High-Dose Therapy With Stem Cell Rescue for Ewing Sarcoma
For patients with a high risk of relapse with conventional treatments, certain investigators have utilized high-dose chemotherapy with hematopoietic stem cell transplant (HSCT) as consolidation treatment, in an effort to improve outcome.[23,24,25,26,27,28,29,30,31,32] In a prospective study, patients with bone and/or bone marrow metastases at diagnosis were treated with aggressive chemotherapy, surgery, and/or radiation and HSCT if a good initial response was achieved. The study showed no benefit for HSCT compared with historical controls. A retrospective review using international bone marrow transplant registries compared outcome after treatment with reduced-intensity conditioning to high-intensity conditioning followed by allogeneic stem cell transplant for patients with Ewing sarcoma at high risk for relapse.[Level of evidence: 3iiiA] There was no difference in outcome and the authors concluded that this suggested the absence of a clinically relevant graft-versus-tumor effect against Ewing sarcoma tumor cells with current approaches. Multiple small studies that report benefit for HSCT have been published but are difficult to interpret because only patients who have a good initial response to standard chemotherapy are considered for HSCT. The role of high-dose therapy followed by stem cell rescue is being investigated in a Euro-Ewing clinical trial (EURO-EWING-INTERGROUP-EE99) for patients that present with pulmonary metastases.
Ewing Sarcoma/Specific Sites
Separate journal articles have been written that discuss diagnostic findings, treatment, and outcome of patients with bone lesions at the following sites:
- Hand and foot.[41,42]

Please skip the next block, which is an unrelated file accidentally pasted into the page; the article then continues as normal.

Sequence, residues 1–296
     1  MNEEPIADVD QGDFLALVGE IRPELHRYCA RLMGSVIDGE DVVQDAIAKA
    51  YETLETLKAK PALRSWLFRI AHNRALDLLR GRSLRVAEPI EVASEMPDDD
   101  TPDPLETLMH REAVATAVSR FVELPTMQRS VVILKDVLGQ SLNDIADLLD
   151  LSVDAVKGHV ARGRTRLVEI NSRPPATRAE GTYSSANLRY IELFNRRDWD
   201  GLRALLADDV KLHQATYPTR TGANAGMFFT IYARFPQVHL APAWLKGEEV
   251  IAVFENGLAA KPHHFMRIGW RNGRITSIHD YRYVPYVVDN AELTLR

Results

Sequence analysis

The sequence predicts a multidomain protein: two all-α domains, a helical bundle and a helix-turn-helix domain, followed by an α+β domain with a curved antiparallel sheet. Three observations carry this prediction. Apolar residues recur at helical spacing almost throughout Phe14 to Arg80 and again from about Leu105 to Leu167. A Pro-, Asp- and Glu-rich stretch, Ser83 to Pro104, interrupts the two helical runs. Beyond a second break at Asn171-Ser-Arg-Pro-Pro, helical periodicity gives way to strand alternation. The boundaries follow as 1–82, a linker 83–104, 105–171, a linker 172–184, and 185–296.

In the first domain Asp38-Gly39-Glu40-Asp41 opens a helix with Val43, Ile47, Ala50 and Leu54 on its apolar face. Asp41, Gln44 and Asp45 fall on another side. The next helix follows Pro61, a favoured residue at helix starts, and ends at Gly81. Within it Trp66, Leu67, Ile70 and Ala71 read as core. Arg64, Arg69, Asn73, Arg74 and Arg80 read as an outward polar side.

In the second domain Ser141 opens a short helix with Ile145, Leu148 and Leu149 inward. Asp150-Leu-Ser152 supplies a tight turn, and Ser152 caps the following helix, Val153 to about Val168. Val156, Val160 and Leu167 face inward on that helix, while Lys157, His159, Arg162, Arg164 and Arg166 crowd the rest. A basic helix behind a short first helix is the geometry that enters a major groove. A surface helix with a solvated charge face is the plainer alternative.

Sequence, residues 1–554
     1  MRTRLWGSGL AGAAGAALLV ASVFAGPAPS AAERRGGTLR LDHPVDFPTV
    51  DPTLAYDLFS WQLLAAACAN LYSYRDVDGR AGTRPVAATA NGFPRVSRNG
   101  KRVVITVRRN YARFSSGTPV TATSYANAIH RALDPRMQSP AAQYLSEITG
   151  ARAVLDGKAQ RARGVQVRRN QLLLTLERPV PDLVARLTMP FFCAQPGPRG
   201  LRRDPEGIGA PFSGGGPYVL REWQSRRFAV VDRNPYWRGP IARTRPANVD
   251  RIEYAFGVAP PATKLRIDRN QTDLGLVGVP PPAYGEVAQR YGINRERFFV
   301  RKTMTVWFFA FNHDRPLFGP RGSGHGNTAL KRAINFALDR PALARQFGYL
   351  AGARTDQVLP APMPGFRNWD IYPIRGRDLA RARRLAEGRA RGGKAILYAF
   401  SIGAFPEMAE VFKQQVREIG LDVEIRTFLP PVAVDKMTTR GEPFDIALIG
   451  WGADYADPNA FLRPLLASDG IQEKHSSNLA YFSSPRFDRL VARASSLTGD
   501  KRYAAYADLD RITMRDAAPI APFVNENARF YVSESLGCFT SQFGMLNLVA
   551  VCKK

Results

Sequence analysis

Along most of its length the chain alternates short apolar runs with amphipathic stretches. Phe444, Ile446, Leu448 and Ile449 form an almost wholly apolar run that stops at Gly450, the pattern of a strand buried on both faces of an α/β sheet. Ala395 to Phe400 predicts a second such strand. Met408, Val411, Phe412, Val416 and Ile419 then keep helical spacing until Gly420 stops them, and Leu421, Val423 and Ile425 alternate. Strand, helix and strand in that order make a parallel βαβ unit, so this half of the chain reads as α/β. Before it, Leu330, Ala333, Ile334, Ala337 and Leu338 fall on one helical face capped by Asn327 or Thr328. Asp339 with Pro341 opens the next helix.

- Chest wall/rib.[43,44,45,46]
- Head and neck.
Extraosseous Ewing Sarcoma
Extraosseous Ewing sarcoma is biologically similar to Ewing sarcoma arising in bone. Until recently, most children and young adults with extraosseous Ewing sarcoma were treated on protocols designed for the treatment of rhabdomyosarcoma. This is important because many of the treatment regimens for rhabdomyosarcoma do not include an anthracycline, which is a critical component of current treatment regimens for Ewing sarcoma. Currently, patients with extraosseous Ewing sarcoma are eligible for studies that include Ewing sarcoma of bone.
From 1987 to 2004, 111 patients with nonmetastatic extraosseous Ewing sarcoma were enrolled on the RMS-88 and RMS-96 protocols. Patients with initial complete tumor resection received ifosfamide, vincristine, and actinomycin (IVA) while patients with residual tumor received IVA plus doxorubicin (VAIA) or IVA plus carboplatin, epirubicin, and etoposide (CEVAIE). Seventy-six percent of patients received radiation. The 5-year EFS and OS were 59% and 69%, respectively. In a multivariate analysis, independent adverse prognostic factors included axial primary, tumor size greater than 10 cm, Intergroup Rhabdomyosarcoma Studies Group III, and lack of radiation therapy.